The first is integral energy storage which couples Westinghouse’s proprietary, low-cost thermal storage directly into the existing turbogenerator to efficiently deliver load following capabilities with unmatched levelized cost of storage. This allows provision for grid services on electrical systems containing large numbers of non-dispatchable resources. Further, the LFR’s unique integration of energy storage permits auxiliary solar boosting using low-cost parabolic solar collectors, providing a low-cost way to bolster the output of the plant using existing systems and equipment.
In non-electric applications, LFR has the capability to generate radiologically clean steam at much higher temperatures (500-630°C) than traditional nuclear plants, thus permitting delivery of process heat services beyond those that are already within the capabilities of traditional nuclear power plants. In addition, should an even higher temperature be needed by a customer, electric superheating of steam to elevated temperature would still be possible and economical due to LFR’s anticipated low cost of electricity.
Also deriving significant benefit from LFR’s low cost of electricity is hydrogen production using high temperature steam electrolysis. This process uses inputs of steam and electricity and operates at high temperatures to produce hydrogen more efficiently than traditional low temperature electrolysis. As electricity represents well over 90% of the input energy from the plant, the ability to generate low-cost electricity is one of the most significant economic drivers of a low levelized cost of hydrogen. The LFR also benefits this technology by allowing eased direct extraction of LFR’s radiologically clean secondary side steam without any reboilers, greatly simplifying integration between the two plants.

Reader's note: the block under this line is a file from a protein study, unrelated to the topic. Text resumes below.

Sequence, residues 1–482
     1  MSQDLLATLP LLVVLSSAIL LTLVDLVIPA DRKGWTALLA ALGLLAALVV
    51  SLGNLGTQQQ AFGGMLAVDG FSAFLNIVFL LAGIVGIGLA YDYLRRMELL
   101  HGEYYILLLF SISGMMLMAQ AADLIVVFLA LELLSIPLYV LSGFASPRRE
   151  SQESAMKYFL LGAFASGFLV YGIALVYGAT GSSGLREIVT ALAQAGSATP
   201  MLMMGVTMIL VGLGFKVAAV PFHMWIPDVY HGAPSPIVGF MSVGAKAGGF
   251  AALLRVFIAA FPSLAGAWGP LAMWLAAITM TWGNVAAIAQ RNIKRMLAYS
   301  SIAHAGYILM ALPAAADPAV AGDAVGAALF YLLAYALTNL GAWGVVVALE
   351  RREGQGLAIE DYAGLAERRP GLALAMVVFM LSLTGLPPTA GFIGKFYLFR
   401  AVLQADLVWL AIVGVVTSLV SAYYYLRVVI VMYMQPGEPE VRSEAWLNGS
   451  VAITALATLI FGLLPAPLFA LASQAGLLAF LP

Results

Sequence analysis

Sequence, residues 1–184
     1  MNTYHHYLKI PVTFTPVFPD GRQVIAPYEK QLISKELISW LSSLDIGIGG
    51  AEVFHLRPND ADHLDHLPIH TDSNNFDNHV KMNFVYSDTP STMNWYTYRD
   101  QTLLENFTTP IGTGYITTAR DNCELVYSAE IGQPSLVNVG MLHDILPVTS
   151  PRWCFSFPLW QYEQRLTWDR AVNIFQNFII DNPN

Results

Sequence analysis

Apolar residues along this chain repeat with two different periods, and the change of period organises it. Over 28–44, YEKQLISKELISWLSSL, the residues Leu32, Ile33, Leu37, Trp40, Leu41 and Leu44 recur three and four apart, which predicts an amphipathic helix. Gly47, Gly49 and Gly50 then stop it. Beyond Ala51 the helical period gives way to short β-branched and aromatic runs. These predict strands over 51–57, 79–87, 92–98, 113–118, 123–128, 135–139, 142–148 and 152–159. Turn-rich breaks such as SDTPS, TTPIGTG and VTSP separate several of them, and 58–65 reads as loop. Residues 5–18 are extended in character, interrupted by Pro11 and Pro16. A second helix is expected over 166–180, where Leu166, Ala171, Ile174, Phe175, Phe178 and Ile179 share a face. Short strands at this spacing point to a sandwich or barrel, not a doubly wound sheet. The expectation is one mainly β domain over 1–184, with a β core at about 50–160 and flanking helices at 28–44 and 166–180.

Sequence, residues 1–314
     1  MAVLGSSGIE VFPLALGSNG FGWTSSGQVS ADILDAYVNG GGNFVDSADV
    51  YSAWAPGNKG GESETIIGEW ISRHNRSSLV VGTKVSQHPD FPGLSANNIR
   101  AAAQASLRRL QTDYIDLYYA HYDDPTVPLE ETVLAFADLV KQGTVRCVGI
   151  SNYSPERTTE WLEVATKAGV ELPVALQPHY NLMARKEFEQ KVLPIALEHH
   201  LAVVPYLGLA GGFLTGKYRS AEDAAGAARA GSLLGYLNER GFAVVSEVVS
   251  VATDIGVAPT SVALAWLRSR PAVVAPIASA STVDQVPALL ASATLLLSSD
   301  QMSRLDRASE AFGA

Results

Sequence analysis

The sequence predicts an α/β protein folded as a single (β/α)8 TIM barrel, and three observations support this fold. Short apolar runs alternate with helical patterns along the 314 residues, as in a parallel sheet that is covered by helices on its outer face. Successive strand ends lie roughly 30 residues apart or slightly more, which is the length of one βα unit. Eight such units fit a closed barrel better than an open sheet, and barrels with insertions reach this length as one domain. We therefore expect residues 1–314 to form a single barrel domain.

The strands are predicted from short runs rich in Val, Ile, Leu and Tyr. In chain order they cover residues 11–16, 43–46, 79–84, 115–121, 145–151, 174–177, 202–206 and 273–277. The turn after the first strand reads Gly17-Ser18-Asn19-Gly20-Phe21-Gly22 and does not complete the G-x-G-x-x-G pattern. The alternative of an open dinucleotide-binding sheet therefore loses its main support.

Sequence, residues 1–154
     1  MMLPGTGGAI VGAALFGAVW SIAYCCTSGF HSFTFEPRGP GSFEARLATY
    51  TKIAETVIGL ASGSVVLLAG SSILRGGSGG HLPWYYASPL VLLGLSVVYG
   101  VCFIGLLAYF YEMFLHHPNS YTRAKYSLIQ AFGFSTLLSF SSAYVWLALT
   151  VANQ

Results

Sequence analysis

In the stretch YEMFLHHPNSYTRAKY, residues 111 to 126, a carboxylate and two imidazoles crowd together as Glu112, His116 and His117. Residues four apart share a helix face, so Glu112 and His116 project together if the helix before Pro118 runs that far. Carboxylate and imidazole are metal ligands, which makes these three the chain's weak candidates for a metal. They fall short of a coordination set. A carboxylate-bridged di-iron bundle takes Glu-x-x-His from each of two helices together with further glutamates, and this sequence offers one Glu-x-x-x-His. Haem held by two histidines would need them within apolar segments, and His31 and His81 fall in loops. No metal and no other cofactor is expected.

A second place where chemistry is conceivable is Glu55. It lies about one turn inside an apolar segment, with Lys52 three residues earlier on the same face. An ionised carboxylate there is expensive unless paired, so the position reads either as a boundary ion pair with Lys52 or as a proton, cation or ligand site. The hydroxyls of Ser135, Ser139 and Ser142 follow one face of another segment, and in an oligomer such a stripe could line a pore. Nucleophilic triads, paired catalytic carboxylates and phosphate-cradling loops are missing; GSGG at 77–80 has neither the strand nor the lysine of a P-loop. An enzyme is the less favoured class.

Lastly, LFR’s design considers low-grade heat extraction from the turbine’s low-pressure zone. While not unique in thermodynamic characteristics, the radiological purity and up-front design considered significantly ease integration into district heating, multi-effect desalination, and other low-temperature uses.
With the exception of load following, which is a key capability of the reference plant design, integration of the above-mentioned services in the Westinghouse LFR is driven by customer needs.